Album reviews by Bloopie
Ummagma is the brainchild of Ukrainian multi-instrumentalist Alexx Kretov and Canadian vocalist Shauna McLarnon, a couple who record from their home studio in Ternopil, Ukraine. McLarnon, officially the band manager, is in charge of vocals and writing lyrics, while Kretov plays the variety of instruments as well as doing the mixing, recording and mastering.The duo's debut double album, titled 'Ummagma' and 'Antigravity', is brimming with thought-provoking tracks that touch upon a plethora of emotions through a versatile set of instruments and adventurous mix of genres, such as dreampop, progressive rock, and ambient.
An excerpt from the band's biography reads "a mixture of the ethereal and ambient with sublime resonance, beats and rhythm to create richly layered landscapes", and it accurately captures the essence of Ummagma's debut albums. Tranquil melodies flow effortlessly in the self-titled album 'Ummagma', and I'm immediately surprised that this is the work of inexperienced musicians. A refined and multifaceted musical junket follows with a host of delightfully upbeat songs, and not one seems misplaced or expendable throughout. With a rich use of instruments at the capable hands of Kretov, the album maintains a sense of fluency and rhythm, even as each song has its own distinct character and individuality. 'Risky', 'Rotation' and 'NIMBY' in particular sound like hit singles.While 'Ummagma' is packed with sweet, upbeat tunes, its final numbers 'Talk to Her' and 'J.S. Bach' wrap up an effervescent album on a subdued, mellow note, and that's where 'Antigravity' picks up.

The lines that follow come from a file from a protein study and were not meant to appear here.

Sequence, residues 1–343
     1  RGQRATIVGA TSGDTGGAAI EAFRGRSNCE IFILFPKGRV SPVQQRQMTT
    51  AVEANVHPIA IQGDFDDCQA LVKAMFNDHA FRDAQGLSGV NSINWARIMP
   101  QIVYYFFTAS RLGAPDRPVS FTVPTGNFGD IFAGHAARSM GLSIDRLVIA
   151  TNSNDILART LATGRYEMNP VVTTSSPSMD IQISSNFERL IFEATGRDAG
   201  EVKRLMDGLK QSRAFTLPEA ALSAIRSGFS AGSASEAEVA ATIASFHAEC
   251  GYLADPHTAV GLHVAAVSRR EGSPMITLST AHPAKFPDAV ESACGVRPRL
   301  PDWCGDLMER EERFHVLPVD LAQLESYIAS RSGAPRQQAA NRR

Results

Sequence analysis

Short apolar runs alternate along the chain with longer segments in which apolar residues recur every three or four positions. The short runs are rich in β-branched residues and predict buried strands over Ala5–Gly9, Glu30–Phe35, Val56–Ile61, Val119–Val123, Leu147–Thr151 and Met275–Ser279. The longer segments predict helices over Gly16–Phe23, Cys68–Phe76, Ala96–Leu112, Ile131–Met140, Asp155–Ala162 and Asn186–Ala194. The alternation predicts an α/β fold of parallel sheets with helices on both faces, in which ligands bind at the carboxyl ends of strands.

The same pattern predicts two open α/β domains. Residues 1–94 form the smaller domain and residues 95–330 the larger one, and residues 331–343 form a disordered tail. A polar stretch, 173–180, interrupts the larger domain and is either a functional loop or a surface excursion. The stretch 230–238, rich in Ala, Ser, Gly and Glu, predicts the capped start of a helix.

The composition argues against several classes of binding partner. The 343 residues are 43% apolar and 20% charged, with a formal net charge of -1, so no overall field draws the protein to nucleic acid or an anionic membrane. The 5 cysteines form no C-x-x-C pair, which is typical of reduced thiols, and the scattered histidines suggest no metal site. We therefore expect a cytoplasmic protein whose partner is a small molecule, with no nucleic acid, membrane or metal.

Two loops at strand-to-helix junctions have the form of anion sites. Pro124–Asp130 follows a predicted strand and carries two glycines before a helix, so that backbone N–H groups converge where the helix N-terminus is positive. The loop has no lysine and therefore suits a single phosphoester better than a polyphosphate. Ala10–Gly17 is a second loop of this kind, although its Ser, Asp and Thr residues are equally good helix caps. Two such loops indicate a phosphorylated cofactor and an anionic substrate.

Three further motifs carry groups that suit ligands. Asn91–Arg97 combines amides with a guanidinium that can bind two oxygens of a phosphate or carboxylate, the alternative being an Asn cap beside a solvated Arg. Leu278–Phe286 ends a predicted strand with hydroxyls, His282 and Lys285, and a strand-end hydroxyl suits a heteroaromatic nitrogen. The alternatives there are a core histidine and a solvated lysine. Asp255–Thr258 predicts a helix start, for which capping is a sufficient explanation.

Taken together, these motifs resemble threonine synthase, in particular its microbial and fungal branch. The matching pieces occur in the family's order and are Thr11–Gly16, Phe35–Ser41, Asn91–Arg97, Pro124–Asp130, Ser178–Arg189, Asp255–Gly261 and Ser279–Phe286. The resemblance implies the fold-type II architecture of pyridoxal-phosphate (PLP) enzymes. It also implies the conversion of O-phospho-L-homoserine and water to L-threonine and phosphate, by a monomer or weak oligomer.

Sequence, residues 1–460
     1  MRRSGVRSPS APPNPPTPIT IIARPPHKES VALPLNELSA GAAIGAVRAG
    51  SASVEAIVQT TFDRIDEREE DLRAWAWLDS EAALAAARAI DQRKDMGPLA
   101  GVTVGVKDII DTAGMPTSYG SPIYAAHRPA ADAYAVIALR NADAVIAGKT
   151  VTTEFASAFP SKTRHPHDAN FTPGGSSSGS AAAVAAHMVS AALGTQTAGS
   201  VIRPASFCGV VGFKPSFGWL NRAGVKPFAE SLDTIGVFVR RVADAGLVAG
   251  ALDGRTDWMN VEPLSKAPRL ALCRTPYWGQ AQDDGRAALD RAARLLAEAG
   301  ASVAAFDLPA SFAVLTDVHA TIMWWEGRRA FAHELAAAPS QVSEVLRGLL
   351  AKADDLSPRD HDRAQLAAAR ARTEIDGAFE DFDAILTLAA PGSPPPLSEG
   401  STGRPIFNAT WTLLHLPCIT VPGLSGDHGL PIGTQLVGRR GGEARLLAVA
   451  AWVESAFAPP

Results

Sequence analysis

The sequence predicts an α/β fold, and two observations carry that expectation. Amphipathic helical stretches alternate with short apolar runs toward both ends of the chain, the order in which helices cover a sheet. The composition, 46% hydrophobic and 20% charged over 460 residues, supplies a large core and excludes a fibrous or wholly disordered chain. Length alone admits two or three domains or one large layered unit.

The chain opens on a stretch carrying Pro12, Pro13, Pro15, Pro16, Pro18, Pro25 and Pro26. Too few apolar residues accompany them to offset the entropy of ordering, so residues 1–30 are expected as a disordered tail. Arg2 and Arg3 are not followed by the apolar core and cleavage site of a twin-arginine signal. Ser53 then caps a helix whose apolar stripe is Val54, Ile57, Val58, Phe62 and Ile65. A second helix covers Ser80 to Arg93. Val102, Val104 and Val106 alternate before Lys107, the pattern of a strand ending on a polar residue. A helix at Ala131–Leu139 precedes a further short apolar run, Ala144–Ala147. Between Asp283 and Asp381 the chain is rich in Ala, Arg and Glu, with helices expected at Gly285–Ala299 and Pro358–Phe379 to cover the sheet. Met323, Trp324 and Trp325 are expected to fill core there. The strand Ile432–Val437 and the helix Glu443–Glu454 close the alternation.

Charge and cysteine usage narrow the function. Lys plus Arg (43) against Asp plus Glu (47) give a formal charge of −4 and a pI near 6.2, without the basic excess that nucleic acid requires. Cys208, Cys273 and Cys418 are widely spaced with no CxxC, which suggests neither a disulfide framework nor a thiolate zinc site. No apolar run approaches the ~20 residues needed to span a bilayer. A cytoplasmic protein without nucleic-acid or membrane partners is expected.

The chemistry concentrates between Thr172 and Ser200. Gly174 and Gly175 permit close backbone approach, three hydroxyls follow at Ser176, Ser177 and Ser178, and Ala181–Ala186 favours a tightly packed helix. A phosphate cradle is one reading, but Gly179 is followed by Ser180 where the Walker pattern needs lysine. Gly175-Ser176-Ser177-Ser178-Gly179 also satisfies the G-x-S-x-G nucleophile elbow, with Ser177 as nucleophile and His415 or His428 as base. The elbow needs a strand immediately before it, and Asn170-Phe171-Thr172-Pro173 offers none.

'Antigravity' is a bit darker. Multi-layered, otherworldly sounds create a different kind of aura to the previous album, but it is even more lush with musical influences, and is equally beautiful. Tracks such as 'Micro Macro', 'Back to You', 'Colors' and '1+1=3' further explore the couple's more lugubrious musical side, with memorable downbeat, ghostly melodies. The one thing I found to be reptitive is the use of a fadeout effect; the albums oozes creativity and imagination, yet many tracks end with an anticlimactic fadeout effect that feels disappointingly unpolished in comparison. Ummagma's first time effort is impressive, having released two lovely debut albums in one go. Kretov and McLarnon have shown how well they can blend different genres and create something exceptional independently. Surely there is plenty more to come from this Ukraine-based two-piece.
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